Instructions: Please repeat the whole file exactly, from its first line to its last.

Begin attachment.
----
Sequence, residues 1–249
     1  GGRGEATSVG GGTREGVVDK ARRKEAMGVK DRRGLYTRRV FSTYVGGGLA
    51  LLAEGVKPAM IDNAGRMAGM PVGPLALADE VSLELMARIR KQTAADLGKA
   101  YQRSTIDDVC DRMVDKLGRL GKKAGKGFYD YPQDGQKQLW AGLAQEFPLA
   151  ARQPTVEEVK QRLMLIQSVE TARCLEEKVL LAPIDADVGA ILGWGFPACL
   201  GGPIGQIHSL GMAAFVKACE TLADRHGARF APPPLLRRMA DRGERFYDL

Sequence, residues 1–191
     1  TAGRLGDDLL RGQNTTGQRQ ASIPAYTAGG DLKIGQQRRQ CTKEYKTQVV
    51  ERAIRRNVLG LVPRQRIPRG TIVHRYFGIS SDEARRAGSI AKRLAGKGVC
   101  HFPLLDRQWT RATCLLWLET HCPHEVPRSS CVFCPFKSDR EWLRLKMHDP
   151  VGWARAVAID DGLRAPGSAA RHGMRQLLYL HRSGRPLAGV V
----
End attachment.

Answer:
Sequence, residues 1–249
     1  GGRGEATSVG GGTREGVVDK ARRKEAMGVK DRRGLYTRRV FSTYVGGGLA
    51  LLAEGVKPAM IDNAGRMAGM PVGPLALADE VSLELMARIR KQTAADLGKA
   101  YQRSTIDDVC DRMVDKLGRL GKKAGKGFYD YPQDGQKQLW AGLAQEFPLA
   151  ARQPTVEEVK QRLMLIQSVE TARCLEEKVL LAPIDADVGA ILGWGFPACL
   201  GGPIGQIHSL GMAAFVKACE TLADRHGARF APPPLLRRMA DRGERFYDL

Sequence, residues 1–191
     1  TAGRLGDDLL RGQNTTGQRQ ASIPAYTAGG DLKIGQQRRQ CTKEYKTQVV
    51  ERAIRRNVLG LVPRQRIPRG TIVHRYFGIS SDEARRAGSI AKRLAGKGVC
   101  HFPLLDRQWT RATCLLWLET HCPHEVPRSS CVFCPFKSDR EWLRLKMHDP
   151  VGWARAVAID DGLRAPGSAA RHGMRQLLYL HRSGRPLAGV V